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Super League is Long Overdue, But Outrage is Justified

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Yui Mok - PA Images / Contributor

We’ve known about the concept of a European Super League for years, but when the reports started flooding in over the weekend that the competition was finally getting close to the point of being finalized it was met with disgust and outrage by fans, media and football lovers alike.

On Monday, I broke down how the Super League would be constructed, who it would affect most and what the future of European football may look like. I urge you to check out that piece if you haven’t already done so or don’t have a full grasp of what’s transpiring across the pond.

Let’s speak openly and honestly though because it feels like the one-sided nature of the argument that the Super League is awful for football is a bit overexaggerated.

The top five leagues in Europe have had a problem for some time, and it’s not going away. It’s only been magnified over the past two decades, particularly in the Premier League, La Liga, Serie A and Bundesliga. Paris Saint-Germain’s ownership change in 2011 came a lot later, so the club’s success as of late is still relatively new.

Over the past two decades, six clubs have won the Premier League title. Those teams being Arsenal, Chelsea, Leicester City, Liverpool, Manchester City and Manchester United. Outside of Leicester’s nearly improbable run to the PL crown in 2015/16, the Premier League has been won by a club that has announced its intention to join the Super League. 

What about La Liga or Serie A? Barcelona and Real Madrid have combined for 17 of the last 20 Spanish top-flight titles, while Juventus has won eight consecutive Serie A championships. 

Dating back to 1990/91, only three clubs have won Italy’s domestic league not named AC Milan, Inter Milan or Juventus. In a sport where fans clamor for parity and openness for the smaller-valued clubs to have the same opportunities at winning titles, recent history shows that isn’t the case.

The Leicester City example is far out of the ordinary in this type of situation, while Manchester City, Chelsea and Manchester United have been the ones racking up the accolades within the Premier League.

The UEFA Champions League conversation has been similar over the two previous decades, with all but one season concluding with a winner from the top five leagues. Within that span as well, Porto is the only team to win UCL that isn’t currently being linked to the Super League.

Bayern Munich has released a public statement suggesting that the German giants won’t compete in the Super League, despite previously being considered one of the target clubs to represent the Bundesliga alongside Borussia Dortmund -- who have since expressed their displeasure as well.

Let’s face it, the disparity in competition has been real for a long time now and it’s not improving, however, the smaller clubs are much better off financially now than they were in previous decades. 

The significance of money in football is staggering, with Premier League winner Liverpool generating roughly $182 million last season. All five major leagues across Europe have massive television and media rights deals in place that currently distribute funds across the division no matter what the final placement of a club.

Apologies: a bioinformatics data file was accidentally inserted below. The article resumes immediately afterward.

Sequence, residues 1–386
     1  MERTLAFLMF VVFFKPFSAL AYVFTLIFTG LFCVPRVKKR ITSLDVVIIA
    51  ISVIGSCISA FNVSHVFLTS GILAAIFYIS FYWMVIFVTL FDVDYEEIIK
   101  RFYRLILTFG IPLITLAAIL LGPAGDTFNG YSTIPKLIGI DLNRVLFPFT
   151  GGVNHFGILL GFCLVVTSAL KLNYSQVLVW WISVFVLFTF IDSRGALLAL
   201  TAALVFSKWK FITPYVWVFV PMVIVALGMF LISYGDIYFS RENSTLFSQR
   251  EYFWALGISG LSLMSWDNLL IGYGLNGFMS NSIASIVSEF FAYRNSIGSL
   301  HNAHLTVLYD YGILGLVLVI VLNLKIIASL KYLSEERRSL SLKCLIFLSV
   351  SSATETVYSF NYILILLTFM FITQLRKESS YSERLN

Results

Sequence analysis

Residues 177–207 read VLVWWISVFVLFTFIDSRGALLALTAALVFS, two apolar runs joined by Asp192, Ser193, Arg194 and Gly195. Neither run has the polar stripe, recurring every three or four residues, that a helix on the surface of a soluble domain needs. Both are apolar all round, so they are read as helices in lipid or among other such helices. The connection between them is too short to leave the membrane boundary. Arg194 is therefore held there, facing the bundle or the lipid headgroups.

Before Norwich City was relegated after the 2019/20 campaign, the Canaries saw a profit of nearly $131 million after exiting the top flight of English football, and while the argument can be made that they didn’t spend as much as a top four side on transfers the amount the club made in revenue was extraordinary.

Although the Canaries have punched their ticket back into the Premier League ahead of next season, is there really expectation that they’ll be able to compete with the likes of Man City, Man United or Chelsea?

Supporters of the majority of clubs not affiliated with the Super League, which still remains in the vast majority compared to the 12 confirmed teams as of now, can still enjoy their team’s play on the pitch while also acknowledging the need for a competition that caters to the continent’s elite.

By all accounts, the Super League sides will continue to compete in their respective domestic leagues, therefore, the Champions League is the only competition that would be drastically altered. 

I’ve heard supporters disgusted by the fact that the same clubs win these competitions every year, and for that reason isn’t it a good idea to allow Man City and Real Madrid to go off on their own for this one tournament?

For fanatics of the sport, we’d still watch a Champions League that features West Ham United or Real Sociedad instead of City or Real. At least, I certainly would. 

The reality is a lot of clubs solely rely on the big teams to help carry these big five leagues and sit back and profit from them while the giants draw in new interest, players and money that is spread across the entirety of the sport.

We can be angered about the changes coming to football, but we also need to be transparent about why we’re angry. The fact of the matter is almost any supporter would want ambitious ownership like those involved in the Super League, and that’s where the anger stems from.

It’s because of the history of the game. It’s because of the fact that 50 years ago there was a chance clubs like Derby County or Leeds United could hoist the English First Division trophy.

Even if the current concept of the Super League is halted in its tracks, the basis for it is now in existence and it still remains inevitable. The best we can do as fans of the sport is to enjoy the players at our disposal and continue to support the game that brings together different races, cultures and religions alike. At the end of the day, it’s still football and that’s all that matters.

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